Should You Shave Your Neck When Growing A Beard?

Should You Shave Your Neck When Growing A Beard

Growing a beard seems like the easiest thing to do; just let it grow, right? Well, not quite. The goal of donning any beard style is to look good and feel confident about one’s appearance. And, as any bearded man would tell you, letting your beard grow haphazardly won’t give you a decent look. But is it okay or even decent to leave the hairs on your neck, or is it better to shave your neck when growing a beard?

There is no universally accepted method for growing a beard; however, some beard styles appear more attractive when donned in a certain way. Although shaving of neck hair when growing a beard is subjective, most beard experts agree that bearded men should shave their necks up to the neckline.

If you’ve always wondered whether you are breaking some unwritten “guy code” when you shave your neck, this post will help you understand the correct way to rock your beard. We’ll cover the ideal area for where your beard should stop on your neckline, a few grooming rules for maintaining your beard, and learn the exact steps for trimming your neck hair.

A Neckline Is Important: Here’s Why

We are men and should let our hairs grow naturally while focusing on more important things like bringing in the bucks… right?


In fact, very wrong!

Besides being uncomfortable, an unkempt appearance is not attractive. Men also need to look sexy and great while chasing other important life goals. A good neckline is one way to bring out your good looks if you grow a beard.

A neckline defines the bottom edges of your beard, particularly if you have a full or box beard. Not shaving your neck hair will make you look like someone from the stone ages!

So, yes, shave your neck to outline your beard and make it stand out. Trust me; if you grow a full beard, you’ll look better with a well-defined neckline.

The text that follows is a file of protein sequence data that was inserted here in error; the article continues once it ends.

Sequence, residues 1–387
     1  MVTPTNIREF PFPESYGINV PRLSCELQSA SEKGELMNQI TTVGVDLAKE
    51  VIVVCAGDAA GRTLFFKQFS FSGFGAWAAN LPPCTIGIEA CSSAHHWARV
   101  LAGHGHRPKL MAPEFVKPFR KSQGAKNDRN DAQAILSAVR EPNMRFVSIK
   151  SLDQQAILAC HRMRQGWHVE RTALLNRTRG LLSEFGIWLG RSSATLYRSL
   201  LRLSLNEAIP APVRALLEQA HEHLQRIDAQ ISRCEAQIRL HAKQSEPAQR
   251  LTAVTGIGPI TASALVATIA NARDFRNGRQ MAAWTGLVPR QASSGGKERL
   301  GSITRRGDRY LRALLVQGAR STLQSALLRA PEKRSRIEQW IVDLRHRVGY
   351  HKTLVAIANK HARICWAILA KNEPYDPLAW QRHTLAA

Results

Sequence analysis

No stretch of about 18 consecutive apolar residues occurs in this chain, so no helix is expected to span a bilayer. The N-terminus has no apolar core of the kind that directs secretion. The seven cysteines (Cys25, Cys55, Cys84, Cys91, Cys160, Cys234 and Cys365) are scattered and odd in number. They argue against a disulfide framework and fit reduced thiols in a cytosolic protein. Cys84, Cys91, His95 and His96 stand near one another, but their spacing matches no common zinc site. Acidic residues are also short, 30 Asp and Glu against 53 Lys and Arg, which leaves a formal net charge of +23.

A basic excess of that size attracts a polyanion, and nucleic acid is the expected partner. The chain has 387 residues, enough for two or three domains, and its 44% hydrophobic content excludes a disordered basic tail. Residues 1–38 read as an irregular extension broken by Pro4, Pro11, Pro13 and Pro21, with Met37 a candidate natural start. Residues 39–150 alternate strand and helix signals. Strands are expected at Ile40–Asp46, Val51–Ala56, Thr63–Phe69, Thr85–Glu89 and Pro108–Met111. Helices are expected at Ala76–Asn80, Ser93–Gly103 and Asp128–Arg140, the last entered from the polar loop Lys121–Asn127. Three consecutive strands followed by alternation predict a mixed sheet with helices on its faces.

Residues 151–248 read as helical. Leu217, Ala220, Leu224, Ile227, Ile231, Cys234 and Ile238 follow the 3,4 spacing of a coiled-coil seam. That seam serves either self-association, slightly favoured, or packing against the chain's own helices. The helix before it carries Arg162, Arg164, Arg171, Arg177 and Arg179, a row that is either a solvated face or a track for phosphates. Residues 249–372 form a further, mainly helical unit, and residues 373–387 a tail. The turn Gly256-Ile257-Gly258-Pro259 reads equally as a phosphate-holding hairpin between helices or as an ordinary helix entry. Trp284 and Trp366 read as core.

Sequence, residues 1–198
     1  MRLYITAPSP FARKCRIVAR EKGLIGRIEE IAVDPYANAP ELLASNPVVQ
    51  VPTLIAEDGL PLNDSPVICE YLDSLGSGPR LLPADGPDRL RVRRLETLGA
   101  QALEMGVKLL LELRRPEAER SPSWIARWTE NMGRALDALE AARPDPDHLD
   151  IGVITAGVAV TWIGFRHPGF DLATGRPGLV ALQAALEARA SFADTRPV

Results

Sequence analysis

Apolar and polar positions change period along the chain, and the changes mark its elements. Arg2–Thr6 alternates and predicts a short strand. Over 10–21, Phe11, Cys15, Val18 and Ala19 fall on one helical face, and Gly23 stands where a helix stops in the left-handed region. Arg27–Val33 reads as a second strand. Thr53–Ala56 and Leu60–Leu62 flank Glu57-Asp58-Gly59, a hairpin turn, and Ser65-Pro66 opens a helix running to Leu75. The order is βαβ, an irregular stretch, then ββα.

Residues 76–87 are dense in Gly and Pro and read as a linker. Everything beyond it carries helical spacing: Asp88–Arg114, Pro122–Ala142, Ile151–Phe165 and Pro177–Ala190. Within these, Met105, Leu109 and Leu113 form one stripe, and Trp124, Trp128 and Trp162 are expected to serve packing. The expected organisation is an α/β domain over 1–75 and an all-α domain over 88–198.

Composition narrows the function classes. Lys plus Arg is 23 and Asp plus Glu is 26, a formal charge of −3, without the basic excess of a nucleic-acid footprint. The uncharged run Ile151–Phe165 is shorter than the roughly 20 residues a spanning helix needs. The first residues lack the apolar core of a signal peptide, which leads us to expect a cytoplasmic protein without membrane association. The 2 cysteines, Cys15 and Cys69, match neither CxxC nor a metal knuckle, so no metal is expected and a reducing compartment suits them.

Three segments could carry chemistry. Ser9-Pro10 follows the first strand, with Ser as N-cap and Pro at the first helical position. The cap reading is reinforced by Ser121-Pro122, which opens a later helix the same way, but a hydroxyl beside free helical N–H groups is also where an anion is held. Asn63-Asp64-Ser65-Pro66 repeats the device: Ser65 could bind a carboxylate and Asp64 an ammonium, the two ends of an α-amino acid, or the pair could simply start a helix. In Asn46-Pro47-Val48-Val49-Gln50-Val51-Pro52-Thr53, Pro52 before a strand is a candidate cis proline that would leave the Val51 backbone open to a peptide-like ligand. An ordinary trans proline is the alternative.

There is a proper way to shave your neck hair, though, and we’ll get to that in just a second.

When Should You Trim Your Neckline?

Not all beards grow at the same rate, and not all beard styles require the same trimming frequency.

It is “pardonable” to let your neck hair do its thing for a couple of days if you’re sporting stubble. After all, very short beards are meant to add some “rough edges” to a man’s attractiveness, if you get my drift.

But if you have a full beard, you will need to trim your neckline just as frequently when hairs start growing on your neck. Doing so defines your neckline clearly and will make any style you choose look tidier and better on you.

How to Define Your Beard Neckline

Shaving your neck hair is not just about trimming off all the hairs under your jaw; don’t shave your neck until you define your beard neckline.

How to Define Your Beard Neckline

Here are some simple steps to defining your beard neckline and shaving your neck hair.

  • Trace a Line from Your Ear to Your Jawline

Stand in front of your mirror (a three-way mirror is even better) with your chin up. Now, imagine a slightly curved line running all the way from the edge of your ear to your jawline.

You can use a trimmer to trace this line. Make sure to draw the line from the edge of your ear and not the bottom of your earlobe. The line should stop where your jawline meets your neck and extend slightly above your Adam’s apple. This is your neckline.

  • Connect a Line from Your Sideburns to Your Jaw

Imagine another line from the outer edges of your sideburns running down to the neckline. Trace this line with a trimmer, making sure to round off the corners to give it a more natural look.

  • Shave Your Neck Along Your Beard Neckline

Every single strand of hair below your newly-defined neckline should be shaved off. Defining a neckline is important, but make sure to use a good trimmer when shaving your neck because it has super sensitive skin. If you use a wrong type of trimmer, electric shaver, or razor, it may cause irritations. This part of the process is crucial, which is why I will be recommending the best three trimmers that can shave your neck hair without causing any problems.

First up is the world-renowned Braun Electric Razor. There’s hardly any other shaver built like this one, and that’s a fact!

This piece of equipment is not your regular beard trimmer—it is a machine built to deliver smooth precision cuts and trims. With 10,000 micro-vibrations, this electric razor can capture more hairs in every stroke. Here’s a caveat though: this is a high-end brand, so expect to spend some good cash.

A good alternative is the Panasonic Electric Razor. This high-performance electric razor comes with a flexible 16-D shaving head that can pivot in 16 different directions seamlessly, making it easy to follow all the delicate contours of your neck, chin, and jaw.